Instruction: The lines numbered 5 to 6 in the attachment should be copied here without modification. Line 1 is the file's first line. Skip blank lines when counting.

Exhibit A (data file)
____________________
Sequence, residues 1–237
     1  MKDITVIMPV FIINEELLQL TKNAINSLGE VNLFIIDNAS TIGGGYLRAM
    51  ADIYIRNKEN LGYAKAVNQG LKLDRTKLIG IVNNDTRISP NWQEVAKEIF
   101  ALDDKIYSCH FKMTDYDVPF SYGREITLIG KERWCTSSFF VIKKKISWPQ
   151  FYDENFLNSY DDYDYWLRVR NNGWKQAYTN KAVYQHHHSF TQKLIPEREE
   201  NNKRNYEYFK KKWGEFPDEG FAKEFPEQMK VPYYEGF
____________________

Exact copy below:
   151  FYDENFLNSY DDYDYWLRVR NNGWKQAYTN KAVYQHHHSF TQKLIPEREE
   201  NNKRNYEYFK KKWGEFPDEG FAKEFPEQMK VPYYEGF